Thursday, July 12, 2018

Survival of the Richest

Grinnell |  Officially, the eugenics movement ended for the most part by the end of the Baby Boom, as proven by the closure of most official eugenics organizations. Unfortunately, the eugenics movement has been replaced by a slightly modified neo-eugenics movement, which also believes that characteristics or traits such as poverty, criminality, and illegitimacy are signs that a person is unfit to reproduce. The difference is that neo-eugenicists believe that these traits are passed on not genetically, but through culture and environment. This movement recognizes that traits like poverty and illegitimacy are not actually included in the genetic code, but it has many of the same effects as the original eugenics movement.

Neo-eugenics developed during the Civil Rights Movement, a time when white privilege was clearly threatened in the United States.[3] These neo-eugenicists were concerned with preserving the white race, which ironically now included southern and eastern Europeans, who had earlier been considered the greatest threat to the purity of white America. Currently, neo-eugenics rarely targets white women, regardless of their socioeconomic status, but instead focuses its attention on recent immigrants, blacks, and Mexicans, among others.

In the 1970s, the eugenics movement began to focus its attention on other underprivileged groups of people. Physicians employed by the Indian Health Service, who were supposed to be providing medical care for Native American women, forcibly sterilized somewhere between 25 and 42 percent of Native American women of childbearing age. At the same time, women on welfare who had an illegitimate child were often punished by forced sterilizations immediately after giving birth. The eugenicists and physicians who performed this procedure justified it by saying that “those who accepted government assistance should submit to government oversight and conform to mainstream, white middle-class values and gender roles.”[4] Anyone who did not follow the social rules of middle-class white men could be subject to forced sterilization.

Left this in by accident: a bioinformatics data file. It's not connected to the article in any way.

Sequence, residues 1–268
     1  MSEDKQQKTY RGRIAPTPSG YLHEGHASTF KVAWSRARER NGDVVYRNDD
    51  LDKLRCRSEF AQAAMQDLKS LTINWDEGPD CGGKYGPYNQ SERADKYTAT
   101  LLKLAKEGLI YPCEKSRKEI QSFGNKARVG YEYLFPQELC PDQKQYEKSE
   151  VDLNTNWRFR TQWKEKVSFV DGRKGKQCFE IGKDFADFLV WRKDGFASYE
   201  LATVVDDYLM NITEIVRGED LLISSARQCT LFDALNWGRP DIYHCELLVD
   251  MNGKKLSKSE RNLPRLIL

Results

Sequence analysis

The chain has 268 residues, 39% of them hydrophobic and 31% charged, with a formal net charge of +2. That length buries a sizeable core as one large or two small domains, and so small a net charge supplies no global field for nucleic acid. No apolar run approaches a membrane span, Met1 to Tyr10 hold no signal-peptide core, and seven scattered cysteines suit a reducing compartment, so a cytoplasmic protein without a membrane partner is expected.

Unfortunately, the neo-eugenics movement has not disappeared from the American consciousness. Between 2006 and 2010, 148 women incarcerated in California prisons were illegally and forcibly sterilized through the use of tubal ligations.[5] Only since 1979 have forced sterilizations been forbidden in California, and although these women were clearly wronged, there are still many supporters of these practices for women in prison.[6]

Despite the fact that eugenic ideas still permeate much of American society, statistics show that fertility levels are declining in most of the world. If current trends continue, in the near future half of the human population will be at the replacement level of fertility, or 2.1 children per set of parents.[7] If all humans eventually began to reproduce at exactly the replacement level of fertility, the entire world population would stabilize and we would not see the exponential human population growth that we are currently experiencing. The United States is currently at almost exactly the replacement level of 2.1 children per family, and any increases in the national population are due almost exclusively to immigration and higher life expectancies, not incredibly high birth rates.